Libya’s Stockpile of Missiles Vanishing

Carloads of Surface-to-Air Missiles Looted

Libya’s rebels are still caught up chasing Moammar Gadhafi across the nation, announcing once again today that they have him “surrounded,” a promise that has fallen through many times already.

But the international community’s biggest concern is not figuring out where Gadhafi is, but what is happening to his tens of thousands of surface-to-air missiles. As it turns out, those missiles are vanishing at an alarming rate.

Reports on the ground have Tripoli’s weapons warehouse coming up empty: empty crates, packing lists for missiles long gone, and inventory numbers that don’t lead anywhere. Others say the same about weapons depots in other cities. Where are the missiles?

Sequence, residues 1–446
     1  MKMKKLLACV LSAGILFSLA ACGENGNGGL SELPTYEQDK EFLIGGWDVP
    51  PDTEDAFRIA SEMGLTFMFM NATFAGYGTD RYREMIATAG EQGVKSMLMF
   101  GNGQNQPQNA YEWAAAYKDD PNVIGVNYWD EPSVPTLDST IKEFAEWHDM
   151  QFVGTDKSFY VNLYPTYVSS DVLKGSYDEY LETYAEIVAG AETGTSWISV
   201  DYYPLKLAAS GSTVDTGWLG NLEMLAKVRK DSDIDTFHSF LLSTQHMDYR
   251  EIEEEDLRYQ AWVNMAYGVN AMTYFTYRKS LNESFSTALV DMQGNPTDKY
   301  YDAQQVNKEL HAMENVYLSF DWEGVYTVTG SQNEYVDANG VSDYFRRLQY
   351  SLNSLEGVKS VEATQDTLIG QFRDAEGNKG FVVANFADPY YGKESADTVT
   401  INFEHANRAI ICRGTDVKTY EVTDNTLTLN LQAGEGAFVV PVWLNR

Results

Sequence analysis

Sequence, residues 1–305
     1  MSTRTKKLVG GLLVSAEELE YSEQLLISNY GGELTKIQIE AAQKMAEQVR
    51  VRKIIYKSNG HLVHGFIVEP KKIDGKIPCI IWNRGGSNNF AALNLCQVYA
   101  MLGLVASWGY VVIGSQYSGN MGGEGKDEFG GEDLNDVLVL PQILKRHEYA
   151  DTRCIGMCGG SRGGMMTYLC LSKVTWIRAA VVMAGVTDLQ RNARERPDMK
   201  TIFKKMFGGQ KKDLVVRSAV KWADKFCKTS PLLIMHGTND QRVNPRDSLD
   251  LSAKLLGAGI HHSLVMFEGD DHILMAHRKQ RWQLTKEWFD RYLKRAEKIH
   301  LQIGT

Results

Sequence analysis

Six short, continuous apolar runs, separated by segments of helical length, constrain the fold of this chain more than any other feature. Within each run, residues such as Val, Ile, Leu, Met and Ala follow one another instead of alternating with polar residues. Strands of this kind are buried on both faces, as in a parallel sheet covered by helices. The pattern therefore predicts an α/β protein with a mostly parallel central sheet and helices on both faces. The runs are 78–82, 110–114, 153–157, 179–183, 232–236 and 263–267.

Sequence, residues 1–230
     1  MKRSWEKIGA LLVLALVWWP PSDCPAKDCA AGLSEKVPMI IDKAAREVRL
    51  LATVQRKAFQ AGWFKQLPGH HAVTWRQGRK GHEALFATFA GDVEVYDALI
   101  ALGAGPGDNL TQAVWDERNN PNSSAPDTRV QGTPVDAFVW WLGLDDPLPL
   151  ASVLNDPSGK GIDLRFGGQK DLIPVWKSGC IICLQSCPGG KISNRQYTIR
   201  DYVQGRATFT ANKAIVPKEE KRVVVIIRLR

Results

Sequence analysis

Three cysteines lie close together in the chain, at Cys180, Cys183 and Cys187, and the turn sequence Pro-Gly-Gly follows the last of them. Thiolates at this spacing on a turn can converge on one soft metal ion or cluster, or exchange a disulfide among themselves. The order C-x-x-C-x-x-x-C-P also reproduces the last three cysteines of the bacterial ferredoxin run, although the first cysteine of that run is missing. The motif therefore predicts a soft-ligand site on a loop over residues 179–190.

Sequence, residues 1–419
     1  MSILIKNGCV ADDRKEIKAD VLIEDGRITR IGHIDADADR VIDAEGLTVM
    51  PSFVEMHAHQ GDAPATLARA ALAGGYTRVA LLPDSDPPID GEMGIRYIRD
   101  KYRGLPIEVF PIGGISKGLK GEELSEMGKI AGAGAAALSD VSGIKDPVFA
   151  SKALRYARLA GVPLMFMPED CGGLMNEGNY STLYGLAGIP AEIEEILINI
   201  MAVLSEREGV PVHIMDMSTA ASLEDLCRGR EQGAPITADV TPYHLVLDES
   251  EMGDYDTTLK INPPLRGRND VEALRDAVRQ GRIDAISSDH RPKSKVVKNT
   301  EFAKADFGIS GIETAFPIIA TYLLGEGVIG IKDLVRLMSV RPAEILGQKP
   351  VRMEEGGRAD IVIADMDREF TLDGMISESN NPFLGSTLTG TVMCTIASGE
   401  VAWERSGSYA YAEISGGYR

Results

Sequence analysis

According to Human Rights Watch official Peter Bouckaert, they’re long gone. “I’ve seen cars packed with them,” he noted, adding there were enough anti-aircraft missiles to “turn all of North Africa into a no-fly zone.”

Libya’s neighbors have feared this situation from the start, and the flow of weapons across the region seems to be on the rise. With Libya’s economy virtually destroyed in this war, and its only export real industry in ruins, weapons smuggling is likely to remain big business for the foreseeable future — with markets open possibly all the way to Afghanistan.

Author: Jason Ditz

Jason Ditz is Senior Editor for He has 20 years of experience in foreign policy research and his work has appeared in The American Conservative, Responsible Statecraft, Forbes, Toronto Star, Minneapolis Star-Tribune, Providence Journal, Washington Times, and the Detroit Free Press.